Loss of Imprinting of Cdkn1c Protects against Age and Diet-Induced Obesity.
International Journal of Molecular Sciences
MetadataShow full item record
Van De Pette, M., Tunster, S., & John, R. M. (2018). Loss of Imprinting of Cdkn1c Protects against Age and Diet-Induced Obesity.. International Journal of Molecular Sciences, 19 (9)https://doi.org/10.3390/ijms19092734
Cyclin dependent kinase inhibitor 1c (Cdkn1c) is a maternally expressed imprinted gene with roles in embryonic development, post-natal metabolism and behaviour. Using mouse models with altered dosages of Cdkn1c, we have previously identified a role for the gene in promoting brown adipose tissue formation. Here, we use these transgenic mouse lines to model the loss of imprinting of Cdkn1c in adulthood. We demonstrate that only a two-fold increase in the expression of Cdkn1c during development is sufficient to protect against age-related weight gain in addition to glucose and insulin intolerance. Further to this, we show that the loss of imprinting of Cdkn1c protects against diet-induced obesity. Bisulphite sequencing was performed to test the stability of the two differentially methylated regions that regulate Cdkn1c imprinting, and both were found to be unaltered in aged or diet-challenged adipose tissue, despite drastic reductions in Cdkn1c expression. These data demonstrate a critical role for Cdkn1c in regulating adult adipose tissue, with modest changes in expression capable of protecting against both age and diet-induced obesity and metabolic syndrome, with a natural decline in Cdkn1c expression observed that may contribute to less healthy metabolic aging. Finally, we have observed a post-natal insensitivity of the imprint to environmental factors, in contrast to recent observations of an in utero sensitivity.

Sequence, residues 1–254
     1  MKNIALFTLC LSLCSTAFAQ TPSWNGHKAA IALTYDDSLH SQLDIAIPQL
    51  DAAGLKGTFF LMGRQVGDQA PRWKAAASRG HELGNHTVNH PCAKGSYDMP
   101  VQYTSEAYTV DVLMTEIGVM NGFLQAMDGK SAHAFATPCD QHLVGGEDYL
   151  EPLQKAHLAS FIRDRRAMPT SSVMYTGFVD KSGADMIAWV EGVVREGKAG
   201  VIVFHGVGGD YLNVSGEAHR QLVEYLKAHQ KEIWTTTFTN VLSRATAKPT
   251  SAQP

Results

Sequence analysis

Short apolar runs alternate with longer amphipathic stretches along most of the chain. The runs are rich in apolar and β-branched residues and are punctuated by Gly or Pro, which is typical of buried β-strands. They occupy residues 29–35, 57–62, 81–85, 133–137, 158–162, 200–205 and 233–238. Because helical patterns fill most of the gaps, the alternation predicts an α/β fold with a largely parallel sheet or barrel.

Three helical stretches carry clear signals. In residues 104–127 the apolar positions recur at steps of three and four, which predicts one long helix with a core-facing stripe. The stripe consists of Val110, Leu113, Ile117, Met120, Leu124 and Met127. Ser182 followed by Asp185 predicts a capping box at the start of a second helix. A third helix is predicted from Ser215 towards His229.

BACs, Cdkn1c, adipose, aging, high fat diet, imprinting, methylation, Aging, Animals, Chromosomes, Artificial, Bacterial, Cyclin-Dependent Kinase Inhibitor p57, Diet, High-Fat, Female, Genomic Imprinting, Male, Mice, Obesity
M.V.d.P. was supported by a BBSRC DTG studentship BB/F016557. S.J.T. was supported by BBSRC project grant BB/J015156 awarded to R.M.J.
External DOI: https://doi.org/10.3390/ijms19092734
This record's URL: https://www.repository.cam.ac.uk/handle/1810/292715
Attribution 4.0 International
Licence URL: http://creativecommons.org/licenses/by/4.0/
Recommended or similar items
The following licence files are associated with this item: